Ludo Studio is keeping a lid on the demand for Bluey content and associated products. When asked how much more Bluey and associated merch people have asked them to make, he replied, “A ridiculous amount! People would be using Bluey key chains, Bluey cars, Bluey everything…
“We like to think we have integrity about everything we make. We try to make the books and the toys as good as the show and it has almost driven us a bit mad. The scale of it lately is almost getting too hard to deal with. Luckily we have great partners in BBC Studios, Moose who do the toys and Penguin who do the books.”
Ludo Studio has considered diversifying from offering only seven-minute episodes. Pearson: “We are just now trying to figure out what that could be. We have thought about both a feature and slightly longer eps, but we haven’t landed on anything yet.”
While they are mindful of keeping the core of what is special about Bluey, Pearson said they just haven’t had the time to fully consider the possibilities. “Just making 52 episodes takes up all our time, it is a ridiculous amount of episodes to have to make. Every episode is different with a new script, new score, new characters often and mostly new locations.”
Keeping all episodes special comes with continuous new challenges.
Although Ludo Studio’s main focus is Bluey, that hasn’t stopped them from working on other projects. The year Bluey launched there were three other series released. The production house has also sold a new live action drama for an SVOD platform that should be announced soon. Pearson joked: “This will look like a ‘proper’ show, but will still qualify as quirky.
“The thing I love, and most of us at Ludo love, is making the shows. But to be able to get to that privileged position you need to do a lot of boring work. In the six years since Charlie and I started Ludo we have worked long days.”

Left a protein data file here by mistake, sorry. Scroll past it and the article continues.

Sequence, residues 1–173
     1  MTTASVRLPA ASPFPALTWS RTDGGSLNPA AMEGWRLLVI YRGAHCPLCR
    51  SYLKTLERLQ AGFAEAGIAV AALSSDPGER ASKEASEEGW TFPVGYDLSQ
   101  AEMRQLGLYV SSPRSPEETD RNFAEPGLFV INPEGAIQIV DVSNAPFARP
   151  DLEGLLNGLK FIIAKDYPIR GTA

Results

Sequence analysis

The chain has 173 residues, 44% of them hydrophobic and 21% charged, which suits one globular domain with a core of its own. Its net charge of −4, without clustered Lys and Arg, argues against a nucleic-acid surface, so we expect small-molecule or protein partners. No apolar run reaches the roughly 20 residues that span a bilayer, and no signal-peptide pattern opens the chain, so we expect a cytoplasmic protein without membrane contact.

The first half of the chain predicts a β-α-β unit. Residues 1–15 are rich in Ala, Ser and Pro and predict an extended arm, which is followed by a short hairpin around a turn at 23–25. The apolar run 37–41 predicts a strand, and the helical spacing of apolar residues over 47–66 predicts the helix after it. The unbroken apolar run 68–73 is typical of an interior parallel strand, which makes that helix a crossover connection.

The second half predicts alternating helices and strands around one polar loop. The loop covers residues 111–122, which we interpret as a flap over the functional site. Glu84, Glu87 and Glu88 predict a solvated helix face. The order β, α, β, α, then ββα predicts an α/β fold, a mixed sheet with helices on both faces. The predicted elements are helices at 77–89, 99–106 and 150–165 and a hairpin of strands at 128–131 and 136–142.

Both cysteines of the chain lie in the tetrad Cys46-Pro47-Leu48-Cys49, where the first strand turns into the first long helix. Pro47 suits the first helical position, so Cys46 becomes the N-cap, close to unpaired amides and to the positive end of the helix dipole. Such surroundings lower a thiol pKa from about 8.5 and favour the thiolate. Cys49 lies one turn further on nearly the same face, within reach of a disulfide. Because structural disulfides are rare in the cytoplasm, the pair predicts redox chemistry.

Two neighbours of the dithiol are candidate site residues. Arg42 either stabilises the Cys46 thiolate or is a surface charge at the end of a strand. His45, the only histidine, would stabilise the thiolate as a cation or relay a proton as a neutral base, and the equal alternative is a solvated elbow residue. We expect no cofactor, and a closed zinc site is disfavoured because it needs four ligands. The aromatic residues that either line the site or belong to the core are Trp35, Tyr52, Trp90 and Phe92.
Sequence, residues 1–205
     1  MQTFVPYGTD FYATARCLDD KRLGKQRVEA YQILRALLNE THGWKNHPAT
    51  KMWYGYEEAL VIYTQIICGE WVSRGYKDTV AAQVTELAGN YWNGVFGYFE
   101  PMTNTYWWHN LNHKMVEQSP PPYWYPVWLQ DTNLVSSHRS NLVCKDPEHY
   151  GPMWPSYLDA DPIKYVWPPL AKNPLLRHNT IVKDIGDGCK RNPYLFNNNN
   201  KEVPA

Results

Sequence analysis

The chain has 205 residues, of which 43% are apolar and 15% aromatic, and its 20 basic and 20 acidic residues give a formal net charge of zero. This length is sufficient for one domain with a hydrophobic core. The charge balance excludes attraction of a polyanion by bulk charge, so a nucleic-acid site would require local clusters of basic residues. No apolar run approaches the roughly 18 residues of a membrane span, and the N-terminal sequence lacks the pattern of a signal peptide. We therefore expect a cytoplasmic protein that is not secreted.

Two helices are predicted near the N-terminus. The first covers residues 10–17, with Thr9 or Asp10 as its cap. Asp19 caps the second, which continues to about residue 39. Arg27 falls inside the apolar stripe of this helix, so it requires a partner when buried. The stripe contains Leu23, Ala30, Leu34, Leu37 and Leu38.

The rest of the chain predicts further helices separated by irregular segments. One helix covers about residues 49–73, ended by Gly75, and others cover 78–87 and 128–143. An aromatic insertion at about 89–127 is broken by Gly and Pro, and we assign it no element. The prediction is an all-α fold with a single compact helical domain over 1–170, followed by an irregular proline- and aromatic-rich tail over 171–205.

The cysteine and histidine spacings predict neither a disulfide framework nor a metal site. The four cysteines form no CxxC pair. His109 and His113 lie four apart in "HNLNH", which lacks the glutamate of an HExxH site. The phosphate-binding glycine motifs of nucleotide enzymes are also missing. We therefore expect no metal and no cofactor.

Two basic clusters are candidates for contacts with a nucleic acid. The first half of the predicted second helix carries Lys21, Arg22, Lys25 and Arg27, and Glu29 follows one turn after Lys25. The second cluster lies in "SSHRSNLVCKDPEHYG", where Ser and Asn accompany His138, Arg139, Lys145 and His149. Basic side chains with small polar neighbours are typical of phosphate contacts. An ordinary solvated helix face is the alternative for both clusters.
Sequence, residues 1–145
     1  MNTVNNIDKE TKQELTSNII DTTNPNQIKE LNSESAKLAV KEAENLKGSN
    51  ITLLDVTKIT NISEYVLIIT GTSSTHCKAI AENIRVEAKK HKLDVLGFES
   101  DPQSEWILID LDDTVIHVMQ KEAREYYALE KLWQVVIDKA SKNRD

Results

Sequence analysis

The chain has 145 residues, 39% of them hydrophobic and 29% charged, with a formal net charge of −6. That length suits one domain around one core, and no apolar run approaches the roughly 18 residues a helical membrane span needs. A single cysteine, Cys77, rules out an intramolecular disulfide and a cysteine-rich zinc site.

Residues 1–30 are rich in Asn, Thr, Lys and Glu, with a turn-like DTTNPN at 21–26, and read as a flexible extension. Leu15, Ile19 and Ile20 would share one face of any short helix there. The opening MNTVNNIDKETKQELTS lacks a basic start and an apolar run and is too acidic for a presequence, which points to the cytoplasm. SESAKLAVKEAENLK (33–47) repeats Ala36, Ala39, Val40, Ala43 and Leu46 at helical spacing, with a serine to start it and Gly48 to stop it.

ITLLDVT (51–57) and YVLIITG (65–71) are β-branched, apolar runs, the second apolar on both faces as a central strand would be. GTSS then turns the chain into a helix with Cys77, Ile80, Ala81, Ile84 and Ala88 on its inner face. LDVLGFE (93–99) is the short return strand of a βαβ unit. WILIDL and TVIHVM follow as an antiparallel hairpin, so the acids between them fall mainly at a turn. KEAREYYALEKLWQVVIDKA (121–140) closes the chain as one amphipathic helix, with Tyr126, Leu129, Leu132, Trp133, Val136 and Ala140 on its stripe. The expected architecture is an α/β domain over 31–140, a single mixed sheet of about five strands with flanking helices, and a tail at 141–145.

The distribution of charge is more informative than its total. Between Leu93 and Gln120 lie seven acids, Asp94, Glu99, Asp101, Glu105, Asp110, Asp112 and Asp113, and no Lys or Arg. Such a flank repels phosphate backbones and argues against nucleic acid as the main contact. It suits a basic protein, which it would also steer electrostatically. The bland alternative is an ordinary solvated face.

Pearson likes being a proud independent, but he revealed the business has had overtures regarding investment and partnerships. “We love to collaborate with people on our shows project by project, but the interest to be bought up by someone is not there at the moment. We really love what we are doing. We have had a lot of interest, but we are happy at the moment.”
“The other thing is don’t feel we really know what we are good at yet. For us it still feels like a new business and we are still finding out things about what we are good at and the best ways to operate.
“So far we have found it hard to collaborate and work with someone if they are not in Brisbane. Despite all the technology available, it works best to be next to the person, at least in the start of the relationship.
Pearson said he and the Ludo team have been very lucky being in Brisbane during Covid. “Everything we have done we have made in Brisbane. Partly because we are perhaps too lazy to want to shoot in New York or elsewhere. The problem for us has been trying to find studio space for our new drama. All the facilities have been booked out by international productions.:
The now globally loved animated Australian series was created by creator/showrunner Joe Brumm, Emmy awarding-winning executive producers Charlie Aspinwall and Daley Pearson, producer Sam Moor and supervising director Richard Jeffery. The series is executive produced by Libbie Doherty, ABC Head of Children’s Television, and Henrietta Hurford-Jones, Director of Children’s Content for BBC Studios.